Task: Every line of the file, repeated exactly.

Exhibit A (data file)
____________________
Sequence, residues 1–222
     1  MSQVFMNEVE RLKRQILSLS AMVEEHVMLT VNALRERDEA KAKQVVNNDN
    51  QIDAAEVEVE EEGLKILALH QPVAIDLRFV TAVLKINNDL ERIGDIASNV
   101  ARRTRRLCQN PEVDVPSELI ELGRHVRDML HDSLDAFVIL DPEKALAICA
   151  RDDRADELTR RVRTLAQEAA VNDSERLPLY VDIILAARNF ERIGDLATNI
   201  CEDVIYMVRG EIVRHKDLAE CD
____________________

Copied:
Sequence, residues 1–222
     1  MSQVFMNEVE RLKRQILSLS AMVEEHVMLT VNALRERDEA KAKQVVNNDN
    51  QIDAAEVEVE EEGLKILALH QPVAIDLRFV TAVLKINNDL ERIGDIASNV
   101  ARRTRRLCQN PEVDVPSELI ELGRHVRDML HDSLDAFVIL DPEKALAICA
   151  RDDRADELTR RVRTLAQEAA VNDSERLPLY VDIILAARNF ERIGDLATNI
   201  CEDVIYMVRG EIVRHKDLAE CD